We use both techniques in this course. You will be assigned both word-essay questions and calculation problems for each chat session. You should work all of these. You will also be asked to post the answer to at least one question and one calculation problem to the Moodle course page. This is your opportunity to explain to your fellow students what you know. You will need to show your calculations and explain them in your posted answer. This is your opportunity to help to your fellow students understand a particular situation or problem-solving method.
Your reading assignment will be on both the Moodle and the Schedule page, along with links to my Web lecture and study notes for the assignment. You are expected to do any online exercises, videos, and tutorials assoicated with the reading that are mentioned in the homework page or weblecture.
The assigned problems for each chat session and your individual posting assignment will be at the Moodle forum for the day's chat.
NB: mycroft, the original bot for my science classes, has long since been freed to do other things, like attend class, make obnoxious remarks, and aid stumped students. If you really get stuck figuring out the problem you've been asked to post, mycroft has been known to accept bribes in the form of virtual Oreo cookies to finish your problem for you.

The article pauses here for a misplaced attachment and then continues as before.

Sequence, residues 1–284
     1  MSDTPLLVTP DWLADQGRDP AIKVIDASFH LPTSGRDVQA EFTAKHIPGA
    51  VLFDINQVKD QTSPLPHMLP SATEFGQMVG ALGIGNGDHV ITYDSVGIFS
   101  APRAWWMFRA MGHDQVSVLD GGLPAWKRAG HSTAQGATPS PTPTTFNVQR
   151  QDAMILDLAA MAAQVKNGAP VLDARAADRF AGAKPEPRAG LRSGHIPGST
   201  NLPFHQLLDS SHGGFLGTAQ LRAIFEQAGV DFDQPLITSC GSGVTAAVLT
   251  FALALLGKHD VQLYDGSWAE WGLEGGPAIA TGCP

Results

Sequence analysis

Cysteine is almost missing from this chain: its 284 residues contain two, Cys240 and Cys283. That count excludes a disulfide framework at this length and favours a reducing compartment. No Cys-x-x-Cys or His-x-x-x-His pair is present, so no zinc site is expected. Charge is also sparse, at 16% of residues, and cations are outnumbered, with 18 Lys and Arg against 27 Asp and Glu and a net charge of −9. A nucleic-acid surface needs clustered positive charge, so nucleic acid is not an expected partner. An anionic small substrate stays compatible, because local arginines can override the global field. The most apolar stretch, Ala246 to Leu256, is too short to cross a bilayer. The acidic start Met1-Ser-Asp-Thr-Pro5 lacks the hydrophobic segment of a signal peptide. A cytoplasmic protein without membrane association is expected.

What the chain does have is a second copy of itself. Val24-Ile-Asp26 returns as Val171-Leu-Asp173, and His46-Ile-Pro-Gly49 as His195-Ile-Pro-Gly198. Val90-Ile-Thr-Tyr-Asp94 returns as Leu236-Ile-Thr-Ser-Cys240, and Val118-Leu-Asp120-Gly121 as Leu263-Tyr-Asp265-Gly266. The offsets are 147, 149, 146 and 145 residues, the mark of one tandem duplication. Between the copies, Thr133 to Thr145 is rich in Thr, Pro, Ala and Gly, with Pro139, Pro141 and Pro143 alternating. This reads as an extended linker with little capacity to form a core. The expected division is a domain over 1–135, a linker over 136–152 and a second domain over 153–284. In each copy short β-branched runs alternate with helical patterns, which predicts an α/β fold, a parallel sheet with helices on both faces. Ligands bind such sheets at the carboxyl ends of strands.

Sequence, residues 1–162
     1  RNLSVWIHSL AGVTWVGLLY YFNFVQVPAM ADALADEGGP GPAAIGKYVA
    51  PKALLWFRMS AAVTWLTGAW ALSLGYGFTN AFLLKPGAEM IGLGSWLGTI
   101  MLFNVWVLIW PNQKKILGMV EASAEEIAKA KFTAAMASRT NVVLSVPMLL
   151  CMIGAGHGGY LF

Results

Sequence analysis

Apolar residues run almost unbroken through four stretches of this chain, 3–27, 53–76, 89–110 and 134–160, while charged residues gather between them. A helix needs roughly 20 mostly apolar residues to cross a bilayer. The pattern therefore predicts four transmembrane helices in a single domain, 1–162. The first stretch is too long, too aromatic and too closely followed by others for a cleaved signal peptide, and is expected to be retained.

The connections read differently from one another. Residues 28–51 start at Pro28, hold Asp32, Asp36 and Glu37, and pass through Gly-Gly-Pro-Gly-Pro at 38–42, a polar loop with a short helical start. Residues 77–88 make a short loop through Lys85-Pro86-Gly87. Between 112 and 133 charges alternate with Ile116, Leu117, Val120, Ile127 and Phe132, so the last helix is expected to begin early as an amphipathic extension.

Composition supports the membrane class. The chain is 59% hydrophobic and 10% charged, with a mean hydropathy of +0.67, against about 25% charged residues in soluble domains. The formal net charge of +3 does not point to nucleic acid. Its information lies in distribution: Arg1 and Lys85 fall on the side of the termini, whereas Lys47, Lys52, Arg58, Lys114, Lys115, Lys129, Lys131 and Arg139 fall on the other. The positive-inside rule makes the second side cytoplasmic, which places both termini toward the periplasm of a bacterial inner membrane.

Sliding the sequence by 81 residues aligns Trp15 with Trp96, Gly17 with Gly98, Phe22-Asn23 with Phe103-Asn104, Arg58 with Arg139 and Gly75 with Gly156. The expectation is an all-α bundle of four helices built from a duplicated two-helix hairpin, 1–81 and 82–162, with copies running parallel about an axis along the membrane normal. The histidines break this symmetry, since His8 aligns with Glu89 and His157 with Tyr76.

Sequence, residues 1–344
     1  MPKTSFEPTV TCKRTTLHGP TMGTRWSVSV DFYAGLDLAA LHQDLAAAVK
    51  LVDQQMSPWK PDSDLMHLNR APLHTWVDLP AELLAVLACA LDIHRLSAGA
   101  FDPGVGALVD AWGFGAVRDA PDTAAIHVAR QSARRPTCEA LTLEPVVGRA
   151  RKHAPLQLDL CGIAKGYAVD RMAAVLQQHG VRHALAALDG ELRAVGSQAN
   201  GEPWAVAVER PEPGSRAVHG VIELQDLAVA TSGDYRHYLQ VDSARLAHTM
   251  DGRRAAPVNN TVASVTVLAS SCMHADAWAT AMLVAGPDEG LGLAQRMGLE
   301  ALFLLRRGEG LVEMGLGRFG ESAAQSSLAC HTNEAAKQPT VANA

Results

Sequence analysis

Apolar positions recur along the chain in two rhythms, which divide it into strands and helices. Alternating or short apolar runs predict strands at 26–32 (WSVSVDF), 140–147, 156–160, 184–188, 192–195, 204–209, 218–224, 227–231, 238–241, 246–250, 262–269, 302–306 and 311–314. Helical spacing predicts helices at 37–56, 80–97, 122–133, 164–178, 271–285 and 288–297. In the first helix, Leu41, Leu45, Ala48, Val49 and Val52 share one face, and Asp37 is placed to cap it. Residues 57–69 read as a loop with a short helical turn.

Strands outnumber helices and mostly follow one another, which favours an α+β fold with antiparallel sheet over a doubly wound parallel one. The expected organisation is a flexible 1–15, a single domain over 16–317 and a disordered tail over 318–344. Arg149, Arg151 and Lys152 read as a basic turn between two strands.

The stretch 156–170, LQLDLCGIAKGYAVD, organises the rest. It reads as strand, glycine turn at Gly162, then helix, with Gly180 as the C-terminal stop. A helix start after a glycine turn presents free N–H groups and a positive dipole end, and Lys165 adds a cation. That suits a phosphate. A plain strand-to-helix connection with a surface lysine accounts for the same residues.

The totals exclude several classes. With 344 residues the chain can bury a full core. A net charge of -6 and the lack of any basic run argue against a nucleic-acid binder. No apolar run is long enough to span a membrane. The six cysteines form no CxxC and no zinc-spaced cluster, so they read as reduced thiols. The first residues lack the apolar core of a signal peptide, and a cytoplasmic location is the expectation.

Occasionally, I will assign as homework general questions that don't involve calculation. Essay questions ask you to explain a concept in words. As you answer a science essay question, be prepared to cite calculation information as well as concepts, or give examples.
For example: A projectile has the least speed at which point in its path?
A good answer will be grammatically and syntactically correct, using proper English, as well as contain the correct information. It will cover more than one point in supporting its argument.
Assuming that the projectile is shot at an angle so that it rises with an initial velocity and constantly decelerates under the influence of gravity, it will eventually slow down, stop, and return to the surface. At the top of its arc, its speed will be zero, since it is no longer moving up and has not yet started moving down. This is the point of least speed. [Note that this is not the same as least velocity, which takes direction into account. For least velocity, the answer will depend on what coordinate system is used.]
Most physics concepts are really simple. The relationship of velocity, distance, and acceleration can be expressed as
which is relatively simple math. Our problem is in the application of such concepts to real situations.
So here is a "general problem solving" approach.